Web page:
What does Facebook’s Libra mean for the future of money – and the global economy? Insights in conversation with Mark Jeffrey & Rob Tercek.
When cryptocurrency exchanges met the FATF at G20/V20 Osaka, crypto wisely went legit — finding its welcome into the global financial system.
Read more about the V20 here.
The Financial Action Task Force (FATF) just made it harder to fund terrorists with cryptocurrencies – and made it safer for banks to trade them, changing the cryptocurrency business forever.
Roger Wilkins AO is a former president of the FATF.
Senior Policy Analyst at the FATF, Tom Neylan, worked with a team to develop recommendations (here’s a PDF of the full recommendation) that will make cryptocurrencies safer to exchange.
Facebook’s Libra could be the most important cryptocurrency ever. Is Libra the real deal – and what does it mean for the future of money? We ask crypto expert Samuel Brooks of Block.8 what Libra means – and how it might be used.
Three things happened in the space of twelve days that pretty much changed everything about cryptocurrencies.
What you need to know: Cryptocurrencies are going legit, and they’re integrating into the financial system.
How can we tell? Let’s examine the events of the twelve days from 18-29 June:
ONE: Facebook’s Libra cryptocurrency
Facebook released details of it’s new Libra cryptocurrency on 18 June.
Libra has been examined in some detail already — perhaps the most interesting point to note is that every central banker of consequence has made a statement about Libra. Why? Because it is the first cryptocurrency that has the scale to be competitive (potentially) with central bank-issued currencies.
Central bankers have never had competition before. They’ve never really had to be technological innovators (except to keep ahead of counterfeiting) and they’ve never been truly comfortable with cryptocurrencies like Bitcoin – because of their deflationary design.
Libra is probably the beginning of a process that will see state-backed ‘digital currencies’ enter the market over the next several years.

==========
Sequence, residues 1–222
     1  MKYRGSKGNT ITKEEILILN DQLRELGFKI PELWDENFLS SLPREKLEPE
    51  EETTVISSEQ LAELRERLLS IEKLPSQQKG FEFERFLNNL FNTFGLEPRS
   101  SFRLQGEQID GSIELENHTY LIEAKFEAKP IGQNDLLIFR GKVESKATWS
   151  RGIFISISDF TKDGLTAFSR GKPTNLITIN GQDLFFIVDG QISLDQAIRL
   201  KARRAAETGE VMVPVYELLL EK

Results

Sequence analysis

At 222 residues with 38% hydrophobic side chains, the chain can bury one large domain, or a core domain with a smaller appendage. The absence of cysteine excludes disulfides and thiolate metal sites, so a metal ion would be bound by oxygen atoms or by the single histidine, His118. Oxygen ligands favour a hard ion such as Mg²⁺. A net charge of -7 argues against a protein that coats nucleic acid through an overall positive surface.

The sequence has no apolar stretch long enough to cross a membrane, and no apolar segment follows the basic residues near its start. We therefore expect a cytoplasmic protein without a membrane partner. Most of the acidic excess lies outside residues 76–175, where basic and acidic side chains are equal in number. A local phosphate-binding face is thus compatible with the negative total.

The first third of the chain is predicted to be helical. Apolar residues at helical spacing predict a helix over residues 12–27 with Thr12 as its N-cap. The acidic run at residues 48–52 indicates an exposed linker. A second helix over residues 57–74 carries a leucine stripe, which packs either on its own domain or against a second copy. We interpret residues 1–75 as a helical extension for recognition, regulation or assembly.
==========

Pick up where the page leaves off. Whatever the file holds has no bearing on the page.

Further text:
Sweden’s e-Kronor is furthest along – because Sweden wants to move to a cashless economy https://www.riksbank.se/en-gb/payments–cash/e-krona/
TWO: The Financial Activities Task Force Guidance on Cryptocurrencies
Almost no one has heard of the FATF. They’re an international body that makes ‘recommendations’ to national governments that inevitably become enshrined in law, because FATF recommendations are aimed at preventing money laundering and the funding of terrorist activities through the formal banking system.
On 21 June, FATF issued new rules for cryptocurrency exchanges – where you convert your Bitcoins into dollars and vice versa – that require them to comply with the ‘travel rule’ – which means the exchanges have to do just what the banks do – make sure you’re not sending funds to a terrorist or terrorist organisation, or a state that’s been sanctioned (Iran, North Korea).
The exchanges have hitherto operated in a largely regulation-free environment. That’s been fun for them, but also made them radioactive to the formal financial system. A bank can’t work with an exchange because it can’t ever know whether it’s facilitating money laundering by doing so. This new FATF recommendation means that exchanges and banks will be able to work together, and banks will be able to offer their customers cryptocurrency services and exchanges.
THREE: The V20 Summit
The V20 summit (disclosure: I served as Summit Chair) was called almost as an ‘emergency’ meeting for the exchanges, so they could work together to map out how they would comply with these new FATF recommendations. It means exchanges (or ‘VASPs’, Virtual Asset Service Providers, in FATF lingo) have a need to work together on common standards on how they can share the data required by the ‘travel rule’ – for example, common formats for sender and beneficiary details, or how you can tell whether another VASP is authentic, etc…
That level of cooperation and compliance has never been needed before, so at V20 the VASPs mapped out their first steps toward a system that looks a bit like SWIFT – which is how banks manage relationships with thousands of other banks internationally – but designed specifically for VASPs and cryptocurrencies.
It’s early days, but if this succeeds (failure means that the exchanges are all driven out of business by the regulators, based on FATF guidance, so that’s not really an option) then we’re seeing the birth of a big and brand-new part of the global financial system.
That’s why V20 was compared to the Bretton Woods summit that created the modern financial system:
In this new system, the leading participant is likely to be Facebook’s Libra. Quickly followed by digital dollars, Yuan, Yen, Euros, and so forth…
A world almost inconceivable just a fortnight ago has become the next stage in our global financial future. Twelve days that truly shook the world.
Good morning, ladies and gentlemen.